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In the nineteenth and early twentieth centuries (before the advent of film) it was not unusual for theatrical productions to be accompanied by elaborate musical scores. Although it accounts for only a small part of Elgar's output, his contribution to the tradition was nevertheless creatively significant. Any study of Elgar's theatre music should focus principally on The Starlight Express, his finest theatre piece, and by far the longest. He said it was the kind of piece he had waited a generation to set. But it must more generally be a study of his musical concerns c.1914–18, the period in which he wrote six of the ten theatre pieces, and the end of his modernist period of composition from In the South to Falstaff. Yet one cannot account for it all along those lines.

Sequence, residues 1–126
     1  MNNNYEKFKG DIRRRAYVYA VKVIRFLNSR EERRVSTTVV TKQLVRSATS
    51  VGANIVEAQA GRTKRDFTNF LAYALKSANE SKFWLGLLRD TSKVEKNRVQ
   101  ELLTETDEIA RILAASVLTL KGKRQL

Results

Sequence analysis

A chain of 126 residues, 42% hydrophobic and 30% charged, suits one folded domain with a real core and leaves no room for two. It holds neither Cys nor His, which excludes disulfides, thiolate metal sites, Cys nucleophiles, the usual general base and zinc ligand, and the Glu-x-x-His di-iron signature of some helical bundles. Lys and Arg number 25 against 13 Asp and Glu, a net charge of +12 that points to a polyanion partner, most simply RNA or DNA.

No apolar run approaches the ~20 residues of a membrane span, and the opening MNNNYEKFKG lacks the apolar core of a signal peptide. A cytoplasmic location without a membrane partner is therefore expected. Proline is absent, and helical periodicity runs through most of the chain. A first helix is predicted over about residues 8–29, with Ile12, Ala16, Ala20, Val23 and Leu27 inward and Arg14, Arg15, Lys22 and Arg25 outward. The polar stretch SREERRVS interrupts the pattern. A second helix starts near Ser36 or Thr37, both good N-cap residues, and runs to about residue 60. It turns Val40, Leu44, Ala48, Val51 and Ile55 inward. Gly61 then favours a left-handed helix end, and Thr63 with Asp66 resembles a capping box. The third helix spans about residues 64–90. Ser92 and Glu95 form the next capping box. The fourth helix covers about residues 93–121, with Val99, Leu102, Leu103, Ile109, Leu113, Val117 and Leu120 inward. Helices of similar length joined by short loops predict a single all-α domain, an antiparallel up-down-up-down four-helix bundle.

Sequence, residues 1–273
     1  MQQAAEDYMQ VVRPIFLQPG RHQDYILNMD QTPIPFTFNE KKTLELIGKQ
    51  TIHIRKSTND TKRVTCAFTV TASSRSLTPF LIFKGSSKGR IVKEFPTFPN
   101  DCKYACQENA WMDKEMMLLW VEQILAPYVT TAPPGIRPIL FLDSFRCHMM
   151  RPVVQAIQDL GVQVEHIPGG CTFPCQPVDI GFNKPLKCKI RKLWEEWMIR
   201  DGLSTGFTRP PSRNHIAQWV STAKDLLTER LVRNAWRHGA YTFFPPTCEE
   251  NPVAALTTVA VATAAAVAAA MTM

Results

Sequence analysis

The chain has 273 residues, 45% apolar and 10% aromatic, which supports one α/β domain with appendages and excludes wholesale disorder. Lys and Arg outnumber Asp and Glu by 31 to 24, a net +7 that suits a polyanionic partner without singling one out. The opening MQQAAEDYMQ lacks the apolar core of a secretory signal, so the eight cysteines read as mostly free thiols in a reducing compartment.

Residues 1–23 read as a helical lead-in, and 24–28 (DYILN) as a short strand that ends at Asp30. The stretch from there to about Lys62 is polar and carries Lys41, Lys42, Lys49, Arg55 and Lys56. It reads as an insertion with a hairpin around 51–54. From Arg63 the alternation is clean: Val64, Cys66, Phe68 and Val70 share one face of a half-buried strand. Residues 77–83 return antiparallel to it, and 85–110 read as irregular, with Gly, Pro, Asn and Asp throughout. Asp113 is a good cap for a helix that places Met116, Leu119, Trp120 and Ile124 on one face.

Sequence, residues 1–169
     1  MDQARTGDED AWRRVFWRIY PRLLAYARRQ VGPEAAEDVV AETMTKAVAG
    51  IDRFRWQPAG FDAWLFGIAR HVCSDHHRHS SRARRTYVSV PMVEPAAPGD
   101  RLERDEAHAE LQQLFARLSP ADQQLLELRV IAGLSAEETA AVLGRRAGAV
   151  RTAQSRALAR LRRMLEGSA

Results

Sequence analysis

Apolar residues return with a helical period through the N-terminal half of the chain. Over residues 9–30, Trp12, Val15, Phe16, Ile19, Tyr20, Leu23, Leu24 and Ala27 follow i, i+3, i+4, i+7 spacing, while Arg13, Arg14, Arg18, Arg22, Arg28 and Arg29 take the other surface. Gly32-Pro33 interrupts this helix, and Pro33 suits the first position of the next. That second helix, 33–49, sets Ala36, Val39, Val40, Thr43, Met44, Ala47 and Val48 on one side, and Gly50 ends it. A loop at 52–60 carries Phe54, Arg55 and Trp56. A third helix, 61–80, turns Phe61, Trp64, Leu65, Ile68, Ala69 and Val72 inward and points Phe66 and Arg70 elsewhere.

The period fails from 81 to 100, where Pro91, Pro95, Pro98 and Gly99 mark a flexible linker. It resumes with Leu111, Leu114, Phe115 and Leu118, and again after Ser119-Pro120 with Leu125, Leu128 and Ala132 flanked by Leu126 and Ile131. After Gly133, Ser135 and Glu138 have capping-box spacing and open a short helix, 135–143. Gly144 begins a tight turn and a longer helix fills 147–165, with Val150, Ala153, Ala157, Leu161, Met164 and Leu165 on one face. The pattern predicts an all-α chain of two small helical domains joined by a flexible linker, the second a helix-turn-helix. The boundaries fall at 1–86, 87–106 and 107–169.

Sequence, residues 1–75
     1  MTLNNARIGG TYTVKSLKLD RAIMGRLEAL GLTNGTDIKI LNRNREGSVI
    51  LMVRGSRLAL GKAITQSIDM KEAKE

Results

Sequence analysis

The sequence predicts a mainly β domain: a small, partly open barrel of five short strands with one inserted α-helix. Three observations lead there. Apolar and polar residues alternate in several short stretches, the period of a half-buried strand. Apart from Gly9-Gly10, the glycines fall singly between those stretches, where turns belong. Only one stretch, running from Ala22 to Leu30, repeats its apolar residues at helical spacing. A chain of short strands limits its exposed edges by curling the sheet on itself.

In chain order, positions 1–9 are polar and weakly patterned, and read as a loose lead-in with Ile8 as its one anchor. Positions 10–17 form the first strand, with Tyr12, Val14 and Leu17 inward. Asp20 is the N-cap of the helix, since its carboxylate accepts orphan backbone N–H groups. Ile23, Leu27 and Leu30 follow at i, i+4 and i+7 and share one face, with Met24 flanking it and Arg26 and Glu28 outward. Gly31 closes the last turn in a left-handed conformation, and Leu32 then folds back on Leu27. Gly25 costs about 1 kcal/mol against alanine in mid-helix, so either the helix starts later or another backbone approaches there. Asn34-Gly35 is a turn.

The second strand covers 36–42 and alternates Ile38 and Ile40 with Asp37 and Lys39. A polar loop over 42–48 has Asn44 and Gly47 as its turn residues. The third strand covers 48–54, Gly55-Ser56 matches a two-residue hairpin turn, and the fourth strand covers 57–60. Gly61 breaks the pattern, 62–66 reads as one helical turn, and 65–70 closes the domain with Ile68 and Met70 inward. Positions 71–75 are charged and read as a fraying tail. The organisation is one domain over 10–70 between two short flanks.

Initially, Elgar hoped his theatre music would provide a captive audience on which to try ideas for more serious works, as well as to raise money. His first commission (in 1901) was for incidental music for the play Diarmuid and Grania, a collaboration between George Moore and W. B. Yeats. (Elgar modernised the title to Grania and Diarmid). After the play's run, Moore pestered Elgar with grander projects: ‘The sooner you begin writing the [Grania] opera the better[:] the subject evidently suits you.’ But Elgar did not bite, nor did he care whether the play was revived.
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